Consensus grows that the pandemic has taken a big emotional toll on young people
RACHEL MARTIN, HOST:
There's a growing consensus that the pandemic has taken a big emotional toll on young people. Any parent could tell you as much. So several advocacy groups got together to look at this problem, and they've come out with two new reports revealing just how deeply this is being felt across the country and what states are doing to address it.
To lay out the data, we're joined by NPR health correspondent Rhitu Chatterjee. Rhitu, good morning.
RHITU CHATTERJEE, BYLINE: Good morning, Rachel.
MARTIN: What are the reports saying that we don't already know?
CHATTERJEE: The big takeaway of one of the reports is that a vast majority - nearly 90% of Americans are concerned about the well-being of the next generation, and 80% of parents of kids under 18 are worried about their own kids.
Angela Kimball is with Inseparable, one of the many organizations involved in the reports, and here's what she told me.
ANGELA KIMBALL: Across different incomes, different political stripes, like, essentially a very consistent sense that youth today are struggling.
CHATTERJEE: And she says a majority feels that lawmakers need to address this and that school-based services are an important and necessary part of the solution.
MARTIN: So what does that mean? I mean, what should schools be doing that they haven't been doing or not to the degree they should be doing during the pandemic?
CHATTERJEE: So schools have been doing quite a bit. And it involves a range of things - things like including mental health and health curricula so that educators can start a conversation with students, to give them language to talk about what they might experience, to educate teachers about signs and symptoms to look for so that they can connect students to help when needed. And schools have been bringing in more counselors and psychologists. And it doesn't stop at the gates of the school because they need to be able to connect kids to ongoing care in the community for more complex mental illnesses.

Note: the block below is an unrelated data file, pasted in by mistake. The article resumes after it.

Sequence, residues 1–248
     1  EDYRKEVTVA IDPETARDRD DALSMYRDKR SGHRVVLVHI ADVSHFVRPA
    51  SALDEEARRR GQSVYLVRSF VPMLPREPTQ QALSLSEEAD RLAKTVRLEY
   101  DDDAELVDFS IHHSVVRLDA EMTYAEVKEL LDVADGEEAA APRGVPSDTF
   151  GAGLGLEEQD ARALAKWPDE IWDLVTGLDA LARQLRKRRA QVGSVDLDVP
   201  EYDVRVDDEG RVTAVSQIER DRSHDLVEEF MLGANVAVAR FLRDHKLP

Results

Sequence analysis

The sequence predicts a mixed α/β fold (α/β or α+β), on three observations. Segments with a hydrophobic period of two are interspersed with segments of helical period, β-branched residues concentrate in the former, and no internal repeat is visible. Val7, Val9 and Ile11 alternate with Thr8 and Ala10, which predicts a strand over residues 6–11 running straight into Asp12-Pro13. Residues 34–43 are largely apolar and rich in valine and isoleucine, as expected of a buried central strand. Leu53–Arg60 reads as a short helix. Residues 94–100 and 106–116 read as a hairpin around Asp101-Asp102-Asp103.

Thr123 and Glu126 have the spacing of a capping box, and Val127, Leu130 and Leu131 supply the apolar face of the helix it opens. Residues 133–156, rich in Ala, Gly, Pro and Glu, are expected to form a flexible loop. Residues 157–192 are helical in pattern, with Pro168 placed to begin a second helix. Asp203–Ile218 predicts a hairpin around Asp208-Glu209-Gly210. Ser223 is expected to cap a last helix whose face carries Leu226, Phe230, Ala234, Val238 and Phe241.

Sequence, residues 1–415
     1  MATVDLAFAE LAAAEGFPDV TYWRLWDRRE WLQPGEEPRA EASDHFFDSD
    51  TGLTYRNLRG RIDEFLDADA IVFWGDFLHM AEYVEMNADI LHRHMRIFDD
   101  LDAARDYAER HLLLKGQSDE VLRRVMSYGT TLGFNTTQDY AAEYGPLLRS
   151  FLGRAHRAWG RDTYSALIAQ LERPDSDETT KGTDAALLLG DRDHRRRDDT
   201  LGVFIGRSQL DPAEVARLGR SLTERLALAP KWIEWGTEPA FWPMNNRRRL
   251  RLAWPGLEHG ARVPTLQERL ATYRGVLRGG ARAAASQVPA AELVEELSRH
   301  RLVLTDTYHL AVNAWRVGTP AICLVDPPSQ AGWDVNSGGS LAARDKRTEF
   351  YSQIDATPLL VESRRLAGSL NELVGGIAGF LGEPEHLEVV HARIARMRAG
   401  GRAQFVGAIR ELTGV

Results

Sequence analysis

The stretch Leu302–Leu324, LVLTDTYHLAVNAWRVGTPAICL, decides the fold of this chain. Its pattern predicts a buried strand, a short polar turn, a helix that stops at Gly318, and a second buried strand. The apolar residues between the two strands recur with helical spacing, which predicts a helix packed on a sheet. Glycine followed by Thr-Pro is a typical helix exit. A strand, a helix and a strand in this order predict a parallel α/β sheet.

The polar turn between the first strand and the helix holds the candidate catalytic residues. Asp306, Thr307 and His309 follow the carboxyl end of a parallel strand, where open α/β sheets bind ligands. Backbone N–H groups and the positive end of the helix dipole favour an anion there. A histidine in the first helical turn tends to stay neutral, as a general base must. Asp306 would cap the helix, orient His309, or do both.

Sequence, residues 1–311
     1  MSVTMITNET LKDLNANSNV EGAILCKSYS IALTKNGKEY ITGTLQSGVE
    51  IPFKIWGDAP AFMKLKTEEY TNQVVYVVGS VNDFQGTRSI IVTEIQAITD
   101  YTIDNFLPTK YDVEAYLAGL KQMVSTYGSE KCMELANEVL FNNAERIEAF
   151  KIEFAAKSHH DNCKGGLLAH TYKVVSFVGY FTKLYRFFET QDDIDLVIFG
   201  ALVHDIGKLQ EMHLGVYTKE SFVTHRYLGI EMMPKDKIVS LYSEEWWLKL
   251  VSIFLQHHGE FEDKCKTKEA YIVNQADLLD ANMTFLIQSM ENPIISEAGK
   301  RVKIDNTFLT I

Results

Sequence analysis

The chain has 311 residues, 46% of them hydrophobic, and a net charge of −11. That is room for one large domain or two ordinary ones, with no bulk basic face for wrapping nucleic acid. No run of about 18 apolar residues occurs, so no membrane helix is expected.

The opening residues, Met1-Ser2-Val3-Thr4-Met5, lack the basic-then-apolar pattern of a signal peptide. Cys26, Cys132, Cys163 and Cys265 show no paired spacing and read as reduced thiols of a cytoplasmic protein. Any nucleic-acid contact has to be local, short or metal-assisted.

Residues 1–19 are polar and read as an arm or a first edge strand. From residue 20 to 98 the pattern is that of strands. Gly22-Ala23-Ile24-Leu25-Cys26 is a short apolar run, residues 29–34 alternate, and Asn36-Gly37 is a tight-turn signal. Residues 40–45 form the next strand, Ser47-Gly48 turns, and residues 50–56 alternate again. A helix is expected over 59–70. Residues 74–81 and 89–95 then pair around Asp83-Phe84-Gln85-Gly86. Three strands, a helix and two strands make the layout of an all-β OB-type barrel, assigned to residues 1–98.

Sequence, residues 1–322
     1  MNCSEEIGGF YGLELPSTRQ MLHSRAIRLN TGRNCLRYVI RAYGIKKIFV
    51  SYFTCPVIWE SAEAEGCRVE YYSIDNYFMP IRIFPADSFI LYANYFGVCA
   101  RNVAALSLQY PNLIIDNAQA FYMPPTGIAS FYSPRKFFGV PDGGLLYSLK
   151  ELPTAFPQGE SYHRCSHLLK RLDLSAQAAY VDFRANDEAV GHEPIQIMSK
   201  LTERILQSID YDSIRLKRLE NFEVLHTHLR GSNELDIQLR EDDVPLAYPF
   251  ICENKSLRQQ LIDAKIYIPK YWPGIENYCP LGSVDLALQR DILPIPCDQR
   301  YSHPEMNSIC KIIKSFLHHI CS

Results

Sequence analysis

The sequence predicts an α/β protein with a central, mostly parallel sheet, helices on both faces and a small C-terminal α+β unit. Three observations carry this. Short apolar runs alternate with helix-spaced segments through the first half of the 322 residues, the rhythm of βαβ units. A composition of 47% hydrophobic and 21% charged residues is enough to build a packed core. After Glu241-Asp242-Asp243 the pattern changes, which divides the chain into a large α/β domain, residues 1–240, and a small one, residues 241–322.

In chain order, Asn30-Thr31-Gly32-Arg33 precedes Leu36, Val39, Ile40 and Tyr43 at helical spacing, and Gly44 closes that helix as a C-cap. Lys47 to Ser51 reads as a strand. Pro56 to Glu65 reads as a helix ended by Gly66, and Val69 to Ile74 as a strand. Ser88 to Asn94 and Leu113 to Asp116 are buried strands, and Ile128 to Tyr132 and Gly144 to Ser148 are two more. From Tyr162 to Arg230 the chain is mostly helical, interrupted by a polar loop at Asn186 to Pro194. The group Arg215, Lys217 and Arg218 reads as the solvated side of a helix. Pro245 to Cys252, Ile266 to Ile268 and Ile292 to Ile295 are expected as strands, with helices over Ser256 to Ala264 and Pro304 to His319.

MARTIN: Right. And we should just lay out some of this. I mean, it's the isolation. It's the virus itself...
MARTIN: ...Perhaps taking family members - I mean, the loss of the pandemic. There's so much that our young people are dealing with.
CHATTERJEE: Yeah. Economic hardships and families, too - yeah.
MARTIN: Yeah. There's been so much. So which states are getting this right in terms of coming up with ways to address this?
CHATTERJEE: So Colorado, Washington state, Illinois, Nevada are among the top states. And they're doing several things right. So Kimball said, for example, Colorado is leveraging Medicaid to cover school-based mental health services, including telehealth, to all eligible students. And...
KIMBALL: Another thing that they are doing particularly well is in an area that we call healthy school climate. So they've adopted legislation around anti-bullying, around anti-discrimination - so creating a more inclusive environment for marginalized students.
CHATTERJEE: Because we know that marginalized students are at a higher risk of mental health problems. And Kimball and others involved in the report say they hope that federal and state lawmakers will adopt and implement these kinds of measures to improve school-based mental health care.
MARTIN: Are lawmakers paying attention to this?
CHATTERJEE: Absolutely. There have been several congressional hearings on the topic in recent months, including one this week. And both mental health professionals and young people have testified. One of them is a 17-year-old Trace Terrell. He had struggled with depression and suicidal ideation. And he told members of the Senate Finance Committee about things several teens texted him recently.
(SOUNDBITE OF ARCHIVED RECORDING)
TRACE TERRELL: 4:07 p.m. - I just need someone to talk to. 4:37 p.m. - my dad hit me, but you can't call the cops. 5:23 p.m. - I need therapy, but my family can't afford it. 8:07 p.m. - I just lost my dad, and I can't stop crying.
MARTIN: That's so hard to hear.
CHATTERJEE: Yeah. And it's dire. And there's bipartisan interest in doing - in addressing this.
MARTIN: NPR's Rhitu Chatterjee - thank you.
And if you or someone you know may be considering suicide, contact the National Suicide Prevention Lifeline - 1-800-273-8255. Transcript provided by NPR, Copyright NPR.